In the concluding half of an extended interview with engineer and bicycle inventor Mike Burrows, we talk about Mike’s biggest passion: laid back bicycles. He explains how these human powered vehicles came about and where he hopes they’re going. You can see the world’s fastest human powered vehicles racing at the world championships this June at the Fowlmead country park near Deal in Kent.
Plus bike blogger and endurance athlete Simon Nurse discusses the possibility of a cycling equivalent of the London Marathon. The closest we could find is the Vätternrundan in Sweden: 300km, 23,000 participants.
Mike Burrows is probably best known for his design of the Lotus 108 pursuit bike that Chris Boardman rode in the Barcelona Olympics, winning the first gold medal for a British cyclist in over 70 years. But Mike has made a huge contribution to pedal powered machines more widely. His compact road frame first developed for Giant is now a design standard and his designs have moved the world of laid back or recumbent bicycles on from the early, pioneering days in 1970s California. Burrows remains inventive, opinionated and passionate about bicycles.
This is the first of a two part extended interview. Mike will be giving a talk on 19 June at the National Transport Museum in Coventry.
Jack travels over the Yorkshire moors to Nelson, Lancashire to visit one of the oldest and most venerable companies in British cycling. Cotton mill worker Wilf Carradice began producing his indestructible canvas saddlebags in the 1930s and in 2011 sales are booming. Owner and MD David Chadwick tells the story of a family business and we get a tour of the factory. For more history of Carradice, there is a good article over at Classic Lightweights.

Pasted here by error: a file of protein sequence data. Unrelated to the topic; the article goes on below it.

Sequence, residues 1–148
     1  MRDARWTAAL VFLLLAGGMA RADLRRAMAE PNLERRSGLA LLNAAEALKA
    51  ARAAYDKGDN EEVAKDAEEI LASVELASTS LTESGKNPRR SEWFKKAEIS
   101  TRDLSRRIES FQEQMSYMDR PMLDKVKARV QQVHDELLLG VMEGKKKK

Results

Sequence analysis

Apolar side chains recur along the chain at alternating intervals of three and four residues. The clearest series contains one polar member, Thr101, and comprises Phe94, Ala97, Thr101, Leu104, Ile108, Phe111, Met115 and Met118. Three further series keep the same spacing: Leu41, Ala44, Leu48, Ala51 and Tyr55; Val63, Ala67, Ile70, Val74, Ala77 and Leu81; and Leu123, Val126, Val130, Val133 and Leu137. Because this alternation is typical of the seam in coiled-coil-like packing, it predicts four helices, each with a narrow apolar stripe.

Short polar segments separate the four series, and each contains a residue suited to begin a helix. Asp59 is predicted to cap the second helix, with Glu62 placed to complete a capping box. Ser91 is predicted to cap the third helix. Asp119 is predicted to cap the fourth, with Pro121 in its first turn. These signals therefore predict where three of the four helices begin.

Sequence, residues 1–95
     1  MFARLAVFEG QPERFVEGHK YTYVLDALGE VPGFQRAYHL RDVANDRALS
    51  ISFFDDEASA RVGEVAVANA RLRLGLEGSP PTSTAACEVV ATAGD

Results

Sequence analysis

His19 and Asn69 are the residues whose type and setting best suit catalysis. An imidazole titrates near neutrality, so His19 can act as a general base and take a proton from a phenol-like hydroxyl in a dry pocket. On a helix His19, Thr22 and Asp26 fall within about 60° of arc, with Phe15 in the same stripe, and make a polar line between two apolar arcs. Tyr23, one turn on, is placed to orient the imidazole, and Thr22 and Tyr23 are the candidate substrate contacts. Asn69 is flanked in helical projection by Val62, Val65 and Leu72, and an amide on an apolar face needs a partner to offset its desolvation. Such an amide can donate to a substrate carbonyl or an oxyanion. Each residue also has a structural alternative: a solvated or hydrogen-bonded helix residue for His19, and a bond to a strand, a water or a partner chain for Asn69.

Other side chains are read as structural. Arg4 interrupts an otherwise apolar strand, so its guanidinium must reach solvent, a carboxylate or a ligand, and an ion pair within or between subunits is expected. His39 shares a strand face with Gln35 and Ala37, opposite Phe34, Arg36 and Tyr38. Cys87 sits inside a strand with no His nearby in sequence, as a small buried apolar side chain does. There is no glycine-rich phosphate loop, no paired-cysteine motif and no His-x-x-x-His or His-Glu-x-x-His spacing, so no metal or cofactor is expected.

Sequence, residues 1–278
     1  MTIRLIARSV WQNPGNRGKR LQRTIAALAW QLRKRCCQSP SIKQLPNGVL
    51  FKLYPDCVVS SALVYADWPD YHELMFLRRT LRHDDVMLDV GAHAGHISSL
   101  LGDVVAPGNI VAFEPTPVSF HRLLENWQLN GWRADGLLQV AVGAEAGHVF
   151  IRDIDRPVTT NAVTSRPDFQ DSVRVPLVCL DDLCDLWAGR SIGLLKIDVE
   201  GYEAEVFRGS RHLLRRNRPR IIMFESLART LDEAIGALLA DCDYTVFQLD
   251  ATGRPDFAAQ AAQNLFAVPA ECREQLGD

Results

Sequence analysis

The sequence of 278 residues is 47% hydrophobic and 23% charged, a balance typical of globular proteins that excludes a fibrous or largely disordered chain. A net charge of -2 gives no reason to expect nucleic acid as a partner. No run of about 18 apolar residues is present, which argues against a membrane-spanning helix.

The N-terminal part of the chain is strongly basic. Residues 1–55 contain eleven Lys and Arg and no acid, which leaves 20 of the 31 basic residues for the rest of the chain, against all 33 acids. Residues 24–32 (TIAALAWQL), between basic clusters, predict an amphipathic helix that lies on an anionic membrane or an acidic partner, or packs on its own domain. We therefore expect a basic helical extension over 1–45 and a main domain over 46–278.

On a Midsummer’s Night Dixe Wills, travel writer and author of a new book on Britain’s tiny campsites, guides us on a ride from central London up the Lea Valley to a wild camping spot for a ‘sub twenty four hour overnight’. Various pitfalls ensure that little goes to plan.
The new Bike Show jersey is unveiled and – in a podcast only bonus – Andrew Neather of the Evening Standard explains why the newspaper came out for London’s cyclists.
Community bike workshops are a beautiful idea. A place where anyone can learn the basics of bicycle repair by doing it for themselves with the help of volunteer mechanics – and have access to specialist bicycle tools. A stone’s throw from the Elephant and Castle, the venerable 56a food coop and radical infoshop has its own ‘do it together’ Bike Space, open 16 hours a week. Over in France, the Pignon Sur Rue association in Lyon runs a rather larger and more ambitious community workshop project, with 1200 members and support from the local city government.
If a shiny new bike is what you’re after, we hear from Chris Boardman on the recent advances in bicycle technology and the thinking behind his new range of Boardman bikes. Chris takes the view that while Italian consumers are most interested in style, US consumers most interested in good quality service, the British consumer is most interested in low prices. And his bikes certainly offer a lot of bicycle for the money, not least because they have cut out a stage in the retail chain by selling exclusively through Halfords, a combined distributor/dealer.